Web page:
And when making traditional—or should I say animal based—broths, which are usually made with bones and unusable scraps, when the broth is strained the solids are most often discarded. But in the case of this vegetable broth this would seem a waste on many levels. The remaining solids can be added to a soup, pasta dish, mashed and eaten as a side dish, or mashed and mixed with a bit of flour and a few eggs for burgers or patties (or even mixed into your dog’s food). There really are plenty of options. And the finished broth can then, of course, be used in any recipe that calls for stock or broth. Anyhow, I hope you enjoy this as it is simple to make and really flavorful. The recipe can be multiplied or divided, and the finished broth can be portioned and frozen as well.

Vegetable Broth 

Makes 3-4 quarts

4 tablespoons olive oil

4 medium onions, peeled and diced

4 medium carrots, peeled and diced

6 cloves garlic, peeled and crushed

1 small head celery, diced

8 plum tomatoes, quartered

24 medium mushrooms, sliced

4 quarts cold water

2 teaspoons sea salt

2 bay leaves

1 teaspoon whole black peppercorns

Heat the olive oil over medium-high heat in a sauce pan, then add the onions and carrots. Saute the onions and carrots for about 5 minutes, or until the begin to brown, then add the garlic and cook them for another minute or two. Then add the celery, tomatoes, and mushrooms; stir to combine. Then stir in the cold water, along with the sea salt, bay leaves, and peppercorns. Bring the broth to a boil, then lower the heat to a slow simmer. Simmer the broth—without stirring—for 1-to-2 hours. Strain the broth through a fine mesh strainer, pressing the vegetables with a ladle or the back of a large spoon to extract as much broth as possible. Discard the solids or incorporate them into another recipe.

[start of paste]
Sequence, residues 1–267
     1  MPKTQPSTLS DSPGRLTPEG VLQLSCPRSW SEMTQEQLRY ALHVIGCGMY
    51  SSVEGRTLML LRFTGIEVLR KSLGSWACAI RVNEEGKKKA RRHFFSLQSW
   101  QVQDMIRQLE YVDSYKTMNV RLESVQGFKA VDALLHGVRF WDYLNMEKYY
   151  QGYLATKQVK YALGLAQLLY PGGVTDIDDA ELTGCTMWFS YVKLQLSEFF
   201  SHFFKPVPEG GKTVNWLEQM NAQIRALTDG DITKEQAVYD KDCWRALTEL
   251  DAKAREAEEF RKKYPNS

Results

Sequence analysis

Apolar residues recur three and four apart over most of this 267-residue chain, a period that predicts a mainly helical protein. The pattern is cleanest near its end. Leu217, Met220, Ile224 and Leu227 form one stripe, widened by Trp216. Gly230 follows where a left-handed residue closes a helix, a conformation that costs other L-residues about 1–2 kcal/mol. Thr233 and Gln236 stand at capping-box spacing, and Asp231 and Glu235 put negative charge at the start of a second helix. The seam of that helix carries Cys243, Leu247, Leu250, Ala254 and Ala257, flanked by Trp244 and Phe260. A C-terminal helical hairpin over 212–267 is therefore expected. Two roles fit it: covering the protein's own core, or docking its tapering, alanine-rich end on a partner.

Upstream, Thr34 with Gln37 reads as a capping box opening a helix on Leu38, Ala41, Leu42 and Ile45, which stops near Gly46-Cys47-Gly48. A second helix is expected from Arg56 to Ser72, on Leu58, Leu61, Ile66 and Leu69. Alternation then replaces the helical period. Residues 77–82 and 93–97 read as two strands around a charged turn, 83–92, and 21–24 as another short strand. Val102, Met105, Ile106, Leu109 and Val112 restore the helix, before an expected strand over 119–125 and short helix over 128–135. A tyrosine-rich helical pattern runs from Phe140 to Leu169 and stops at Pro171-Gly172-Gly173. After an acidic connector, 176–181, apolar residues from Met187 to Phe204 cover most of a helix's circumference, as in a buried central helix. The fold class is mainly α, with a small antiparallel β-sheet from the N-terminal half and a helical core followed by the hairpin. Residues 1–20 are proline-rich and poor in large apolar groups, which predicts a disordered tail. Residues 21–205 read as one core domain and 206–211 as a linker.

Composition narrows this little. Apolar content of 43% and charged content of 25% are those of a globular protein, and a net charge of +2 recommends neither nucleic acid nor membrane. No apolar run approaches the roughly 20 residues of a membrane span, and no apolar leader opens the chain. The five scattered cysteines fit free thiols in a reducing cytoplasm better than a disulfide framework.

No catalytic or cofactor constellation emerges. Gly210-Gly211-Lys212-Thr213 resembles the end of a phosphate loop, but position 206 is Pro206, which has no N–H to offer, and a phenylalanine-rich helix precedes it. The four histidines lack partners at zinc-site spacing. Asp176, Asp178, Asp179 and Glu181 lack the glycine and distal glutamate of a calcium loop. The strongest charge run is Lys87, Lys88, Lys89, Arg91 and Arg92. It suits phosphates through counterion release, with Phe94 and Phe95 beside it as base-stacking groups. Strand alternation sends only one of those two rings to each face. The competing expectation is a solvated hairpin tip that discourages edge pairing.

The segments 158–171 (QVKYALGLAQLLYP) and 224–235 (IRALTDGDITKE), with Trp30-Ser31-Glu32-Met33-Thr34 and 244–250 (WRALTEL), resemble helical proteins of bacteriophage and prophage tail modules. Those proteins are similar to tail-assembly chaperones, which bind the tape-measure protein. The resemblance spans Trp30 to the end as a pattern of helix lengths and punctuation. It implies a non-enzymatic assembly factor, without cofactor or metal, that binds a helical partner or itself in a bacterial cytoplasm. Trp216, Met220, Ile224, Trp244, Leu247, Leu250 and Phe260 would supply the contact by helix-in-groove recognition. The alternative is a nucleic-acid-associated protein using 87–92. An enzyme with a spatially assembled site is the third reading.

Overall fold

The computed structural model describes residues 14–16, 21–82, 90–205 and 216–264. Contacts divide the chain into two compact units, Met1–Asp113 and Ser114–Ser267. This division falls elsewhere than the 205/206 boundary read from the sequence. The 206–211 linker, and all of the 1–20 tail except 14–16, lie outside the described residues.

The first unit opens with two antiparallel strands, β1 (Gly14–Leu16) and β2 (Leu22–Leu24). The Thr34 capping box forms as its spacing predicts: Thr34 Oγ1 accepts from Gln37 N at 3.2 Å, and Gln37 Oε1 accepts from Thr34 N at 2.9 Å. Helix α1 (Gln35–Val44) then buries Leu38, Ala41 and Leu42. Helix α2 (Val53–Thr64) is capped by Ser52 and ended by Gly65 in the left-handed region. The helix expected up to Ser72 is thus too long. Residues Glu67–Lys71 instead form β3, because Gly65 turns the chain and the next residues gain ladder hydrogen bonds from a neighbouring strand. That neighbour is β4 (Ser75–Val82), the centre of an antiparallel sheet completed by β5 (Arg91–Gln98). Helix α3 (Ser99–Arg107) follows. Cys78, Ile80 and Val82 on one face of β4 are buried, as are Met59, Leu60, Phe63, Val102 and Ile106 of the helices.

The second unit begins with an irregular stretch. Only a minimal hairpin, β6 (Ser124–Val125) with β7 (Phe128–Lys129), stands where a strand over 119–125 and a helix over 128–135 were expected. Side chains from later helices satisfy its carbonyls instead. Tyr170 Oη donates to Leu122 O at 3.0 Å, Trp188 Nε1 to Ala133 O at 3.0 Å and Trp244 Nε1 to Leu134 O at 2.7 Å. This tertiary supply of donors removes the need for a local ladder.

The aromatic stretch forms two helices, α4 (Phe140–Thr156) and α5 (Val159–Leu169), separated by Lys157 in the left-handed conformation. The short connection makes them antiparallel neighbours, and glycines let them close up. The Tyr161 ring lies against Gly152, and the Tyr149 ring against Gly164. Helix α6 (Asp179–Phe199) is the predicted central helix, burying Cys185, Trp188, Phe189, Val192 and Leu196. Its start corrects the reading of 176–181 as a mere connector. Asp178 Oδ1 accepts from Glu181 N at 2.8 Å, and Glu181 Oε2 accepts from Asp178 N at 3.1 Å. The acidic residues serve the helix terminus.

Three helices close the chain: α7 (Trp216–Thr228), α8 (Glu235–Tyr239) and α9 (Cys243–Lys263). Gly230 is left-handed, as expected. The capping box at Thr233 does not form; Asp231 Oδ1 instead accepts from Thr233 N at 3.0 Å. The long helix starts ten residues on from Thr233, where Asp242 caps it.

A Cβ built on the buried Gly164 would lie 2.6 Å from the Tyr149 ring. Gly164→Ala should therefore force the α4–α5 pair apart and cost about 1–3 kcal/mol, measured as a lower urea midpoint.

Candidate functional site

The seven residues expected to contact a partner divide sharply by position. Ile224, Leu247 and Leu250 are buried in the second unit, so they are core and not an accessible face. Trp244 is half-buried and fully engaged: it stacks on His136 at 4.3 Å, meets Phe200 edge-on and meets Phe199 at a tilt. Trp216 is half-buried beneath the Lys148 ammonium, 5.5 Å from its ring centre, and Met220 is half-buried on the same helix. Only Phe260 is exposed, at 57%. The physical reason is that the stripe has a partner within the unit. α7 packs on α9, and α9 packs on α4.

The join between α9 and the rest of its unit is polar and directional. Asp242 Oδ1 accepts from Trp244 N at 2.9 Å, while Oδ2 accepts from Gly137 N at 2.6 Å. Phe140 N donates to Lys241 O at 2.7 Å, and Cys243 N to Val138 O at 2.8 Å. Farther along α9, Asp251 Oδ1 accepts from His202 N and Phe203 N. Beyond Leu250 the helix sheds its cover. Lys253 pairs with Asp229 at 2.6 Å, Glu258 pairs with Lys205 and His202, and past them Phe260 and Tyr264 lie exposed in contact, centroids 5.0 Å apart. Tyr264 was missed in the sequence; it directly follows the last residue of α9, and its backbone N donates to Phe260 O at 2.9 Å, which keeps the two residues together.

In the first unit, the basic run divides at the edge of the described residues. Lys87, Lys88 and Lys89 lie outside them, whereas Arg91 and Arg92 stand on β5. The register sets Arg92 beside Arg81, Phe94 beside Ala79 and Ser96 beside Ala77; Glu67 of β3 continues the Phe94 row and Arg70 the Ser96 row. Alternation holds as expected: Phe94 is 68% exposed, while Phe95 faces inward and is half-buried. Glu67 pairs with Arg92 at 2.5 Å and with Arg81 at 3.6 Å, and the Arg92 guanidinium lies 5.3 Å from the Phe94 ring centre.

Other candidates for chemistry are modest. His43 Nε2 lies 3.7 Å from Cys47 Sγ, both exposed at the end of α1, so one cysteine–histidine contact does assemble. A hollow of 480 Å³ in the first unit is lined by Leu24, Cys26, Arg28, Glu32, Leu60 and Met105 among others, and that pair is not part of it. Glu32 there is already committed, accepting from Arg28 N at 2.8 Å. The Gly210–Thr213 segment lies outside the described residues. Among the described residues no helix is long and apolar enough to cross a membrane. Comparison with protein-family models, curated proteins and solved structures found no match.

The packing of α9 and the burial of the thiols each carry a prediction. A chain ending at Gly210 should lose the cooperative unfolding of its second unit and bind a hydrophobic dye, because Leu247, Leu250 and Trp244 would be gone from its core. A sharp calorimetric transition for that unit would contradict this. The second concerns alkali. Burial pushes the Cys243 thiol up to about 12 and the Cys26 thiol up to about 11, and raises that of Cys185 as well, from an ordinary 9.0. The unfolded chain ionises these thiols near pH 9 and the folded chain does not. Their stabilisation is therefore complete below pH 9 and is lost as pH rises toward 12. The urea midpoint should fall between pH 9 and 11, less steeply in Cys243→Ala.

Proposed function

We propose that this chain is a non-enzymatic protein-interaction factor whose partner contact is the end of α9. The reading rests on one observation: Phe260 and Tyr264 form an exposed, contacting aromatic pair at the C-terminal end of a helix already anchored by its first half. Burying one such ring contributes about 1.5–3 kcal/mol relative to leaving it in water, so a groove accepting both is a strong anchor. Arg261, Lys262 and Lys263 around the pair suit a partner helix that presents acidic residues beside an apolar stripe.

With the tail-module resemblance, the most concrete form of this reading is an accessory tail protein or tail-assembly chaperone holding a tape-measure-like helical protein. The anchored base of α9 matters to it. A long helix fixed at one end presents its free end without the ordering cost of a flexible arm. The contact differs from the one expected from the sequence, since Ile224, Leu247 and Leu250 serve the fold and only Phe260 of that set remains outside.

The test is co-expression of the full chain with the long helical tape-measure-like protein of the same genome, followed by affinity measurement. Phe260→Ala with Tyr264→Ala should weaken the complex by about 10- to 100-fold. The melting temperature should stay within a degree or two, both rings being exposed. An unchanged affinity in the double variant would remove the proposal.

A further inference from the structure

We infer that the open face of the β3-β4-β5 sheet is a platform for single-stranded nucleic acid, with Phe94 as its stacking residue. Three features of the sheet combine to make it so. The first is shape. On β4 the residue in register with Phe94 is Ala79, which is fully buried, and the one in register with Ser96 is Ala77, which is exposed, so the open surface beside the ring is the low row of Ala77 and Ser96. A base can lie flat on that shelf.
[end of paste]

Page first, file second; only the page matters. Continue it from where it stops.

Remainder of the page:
Urban Simplicity.

Vegetable Broth!

I’ve been experimenting with vegetable broth recipes for a while now, for days when I choose to not eat meat, which has been becoming more and more frequent. This is not meant to be a vegetarian substitute or imitation of a meat-based broth because nothing can substitute the richness of a well made chicken or beef broth. But it is meant to be a replacement, and a really delicious one at that. The key to it’s full flavor is using a lot of vegetables in relation to water, slow simmering, and also the cooking and browning of the onions and carrots which brings out their natural sweetness.